If a specific gift is no longer part of the estate due to ademption, executors must inform the affected beneficiary and adjust the estate distribution accordingly. Executors should consider whether the testator intended to provide an alternative gift or if the beneficiary should receive a portion of the residuary estate.

Potential Complications

Several complications can arise when dealing with specific gifts, which executors must navigate with care and sensitivity.

Disputes Over Identification

Beneficiaries may dispute the identification of specific gifts, particularly if the item is not described clearly in the will or if multiple similar items exist. Executors must ensure that the description in the will is matched accurately to the item in question, potentially seeking legal advice or mediation to resolve disputes.

Ademption Issues

Ademption can be a significant complication, especially if the specific gift was sold, destroyed, or otherwise disposed of without the testator’s knowledge. Executors must handle such situations sensitively, informing the affected beneficiary and determining whether an alternative arrangement can be made.

Conditional Gifts

Specific gifts with conditions or contingencies can complicate the distribution process. Executors must ensure that the conditions are met before transferring the gift, which may involve waiting for a beneficiary to reach a certain age or complete a specified task. Clear communication with beneficiaries is essential to managing expectations and ensuring compliance with the testator’s wishes.

Tax Implications

Specific gifts can have tax implications, particularly if they have significant monetary value or if the estate is subject to inheritance tax. Executors must ensure that any necessary taxes are calculated and paid correctly, seeking professional advice if needed to navigate complex tax issues.

Loss or Damage

If a specific gift is lost or damaged before distribution, executors must determine the appropriate course of action. This may involve repairing the item, replacing it if possible, or compensating the beneficiary from the residuary estate. Clear records and documentation are essential to managing such situations effectively.

The Role of Professional Support

Given the potential complexities involved in dealing with specific gifts, professional support can be invaluable for both testators and executors. Solicitors with expertise in wills and probate can provide essential assistance in several ways:

Drafting Clear Wills

For testators, solicitors can help draft clear and legally sound wills that accurately reflect their wishes and reduce the potential for disputes. This includes ensuring that specific gifts are described in sufficient detail and that any conditions or contingencies are clearly stated.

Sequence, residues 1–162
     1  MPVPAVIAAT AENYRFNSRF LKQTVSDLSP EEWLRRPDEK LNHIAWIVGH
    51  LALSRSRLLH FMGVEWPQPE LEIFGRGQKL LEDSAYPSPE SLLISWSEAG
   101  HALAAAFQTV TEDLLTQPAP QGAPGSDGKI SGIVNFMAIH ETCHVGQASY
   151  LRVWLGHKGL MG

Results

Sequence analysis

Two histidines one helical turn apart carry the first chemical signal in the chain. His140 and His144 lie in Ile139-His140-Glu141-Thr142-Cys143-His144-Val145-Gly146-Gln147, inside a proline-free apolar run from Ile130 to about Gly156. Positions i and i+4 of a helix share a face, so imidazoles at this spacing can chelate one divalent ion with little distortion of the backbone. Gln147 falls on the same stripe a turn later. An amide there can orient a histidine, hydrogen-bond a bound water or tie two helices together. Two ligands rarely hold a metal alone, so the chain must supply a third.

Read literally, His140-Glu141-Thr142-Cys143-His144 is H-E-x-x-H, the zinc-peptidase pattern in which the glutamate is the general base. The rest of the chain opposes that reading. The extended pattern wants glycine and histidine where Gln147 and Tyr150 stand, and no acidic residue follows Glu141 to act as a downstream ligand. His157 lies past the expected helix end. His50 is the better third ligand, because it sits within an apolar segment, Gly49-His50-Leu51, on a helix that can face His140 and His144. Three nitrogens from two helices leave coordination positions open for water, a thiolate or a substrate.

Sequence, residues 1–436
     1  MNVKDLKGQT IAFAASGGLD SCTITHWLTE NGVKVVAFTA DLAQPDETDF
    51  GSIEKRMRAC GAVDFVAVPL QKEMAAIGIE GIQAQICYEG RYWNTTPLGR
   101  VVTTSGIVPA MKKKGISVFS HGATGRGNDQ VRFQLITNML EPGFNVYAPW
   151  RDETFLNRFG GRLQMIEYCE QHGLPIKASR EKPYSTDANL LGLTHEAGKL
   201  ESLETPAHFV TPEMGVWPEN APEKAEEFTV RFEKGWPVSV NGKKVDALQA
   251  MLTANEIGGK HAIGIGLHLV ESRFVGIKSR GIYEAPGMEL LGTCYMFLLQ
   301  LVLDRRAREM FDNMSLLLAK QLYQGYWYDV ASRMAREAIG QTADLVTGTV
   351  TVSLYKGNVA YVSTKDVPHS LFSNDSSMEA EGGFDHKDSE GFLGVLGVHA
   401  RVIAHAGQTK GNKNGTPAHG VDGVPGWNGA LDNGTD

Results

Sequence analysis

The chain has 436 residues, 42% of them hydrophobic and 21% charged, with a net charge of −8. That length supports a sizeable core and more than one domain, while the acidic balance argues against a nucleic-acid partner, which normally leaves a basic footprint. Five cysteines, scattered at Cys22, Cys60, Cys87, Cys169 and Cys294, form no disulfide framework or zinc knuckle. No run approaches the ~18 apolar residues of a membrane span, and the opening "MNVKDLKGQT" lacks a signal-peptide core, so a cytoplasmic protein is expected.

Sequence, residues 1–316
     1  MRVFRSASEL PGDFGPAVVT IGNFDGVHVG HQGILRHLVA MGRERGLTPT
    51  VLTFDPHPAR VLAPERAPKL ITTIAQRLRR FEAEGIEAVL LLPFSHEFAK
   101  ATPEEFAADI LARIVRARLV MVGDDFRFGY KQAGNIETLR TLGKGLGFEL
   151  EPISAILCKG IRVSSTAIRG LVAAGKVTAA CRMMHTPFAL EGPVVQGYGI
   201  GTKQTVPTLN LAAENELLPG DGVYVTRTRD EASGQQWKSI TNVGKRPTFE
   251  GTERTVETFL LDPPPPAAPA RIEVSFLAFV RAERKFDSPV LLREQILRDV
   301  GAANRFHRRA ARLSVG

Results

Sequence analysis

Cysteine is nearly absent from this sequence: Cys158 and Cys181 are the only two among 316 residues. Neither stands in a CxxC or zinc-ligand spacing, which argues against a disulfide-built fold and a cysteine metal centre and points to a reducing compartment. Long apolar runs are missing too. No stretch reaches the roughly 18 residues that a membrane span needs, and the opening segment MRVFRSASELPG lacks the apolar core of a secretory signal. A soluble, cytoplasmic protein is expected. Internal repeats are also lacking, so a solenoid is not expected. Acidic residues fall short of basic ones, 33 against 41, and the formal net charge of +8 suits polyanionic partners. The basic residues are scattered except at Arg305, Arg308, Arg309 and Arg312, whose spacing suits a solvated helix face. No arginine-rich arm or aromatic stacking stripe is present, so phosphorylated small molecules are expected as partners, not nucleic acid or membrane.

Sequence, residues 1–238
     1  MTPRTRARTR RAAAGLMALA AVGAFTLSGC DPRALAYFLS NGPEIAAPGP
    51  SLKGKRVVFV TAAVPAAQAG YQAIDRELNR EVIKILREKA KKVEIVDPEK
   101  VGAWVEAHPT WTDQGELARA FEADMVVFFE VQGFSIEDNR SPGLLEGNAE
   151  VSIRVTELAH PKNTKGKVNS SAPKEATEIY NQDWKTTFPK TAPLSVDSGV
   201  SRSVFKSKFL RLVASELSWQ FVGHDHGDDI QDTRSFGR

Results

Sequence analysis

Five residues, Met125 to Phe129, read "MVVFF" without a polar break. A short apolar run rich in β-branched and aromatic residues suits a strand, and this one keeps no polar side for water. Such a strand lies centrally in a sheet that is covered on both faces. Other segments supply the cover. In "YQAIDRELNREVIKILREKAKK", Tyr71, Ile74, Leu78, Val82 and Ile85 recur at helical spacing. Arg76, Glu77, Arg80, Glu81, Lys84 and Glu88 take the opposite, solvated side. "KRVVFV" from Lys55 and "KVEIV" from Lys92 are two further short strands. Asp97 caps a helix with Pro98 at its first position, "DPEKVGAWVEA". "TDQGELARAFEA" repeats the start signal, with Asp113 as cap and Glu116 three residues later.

Navigating Legal Frameworks

Solicitors can guide executors through the legal frameworks governing specific gifts, ensuring compliance with testamentary freedom principles, ownership and availability requirements, and other relevant laws. This guidance helps prevent legal complications and ensures the estate is administered correctly.

Managing Disputes

If disputes arise over specific gifts, solicitors can provide mediation and legal representation to resolve conflicts effectively. Their expertise in conflict resolution can help ensure that beneficiaries’ concerns are addressed fairly and that the estate is distributed according to the testator’s wishes.

Handling Ademption

Solicitors can assist executors in handling ademption issues, determining whether alternative arrangements can be made or whether the affected beneficiary should receive a portion of the residuary estate. This support helps manage sensitive situations and ensures that beneficiaries are treated fairly.

Tax Planning

Expert advice on tax planning can help minimise the estate’s tax liabilities and ensure that specific gifts are distributed without unnecessary financial burden. Solicitors can assist with accurate tax calculations, compliance with HMRC requirements, and efficient estate administration.

Case Studies

To illustrate the practical application of specific gifts in wills, consider the following case studies:

Case Study 1: The Johnson Family

Mrs. Johnson left a will specifying several specific gifts, including her diamond ring to her daughter, Emily, and her collection of antique books to her son, James. The estate also included a family home and various financial assets.

  • Identifying Specific Gifts: The executors identified the diamond ring and antique books as the specific gifts outlined in the will.
  • Valuing Specific Gifts: Professional valuations were obtained for the diamond ring and the antique books to ensure accurate tax calculations.
  • Locating Specific Gifts: The diamond ring was found in Mrs. Johnson’s jewellery box, and the antique books were located in the family home.
  • Transferring Ownership: The diamond ring was given to Emily, and the antique books were given to James, with written acknowledgements obtained from both beneficiaries.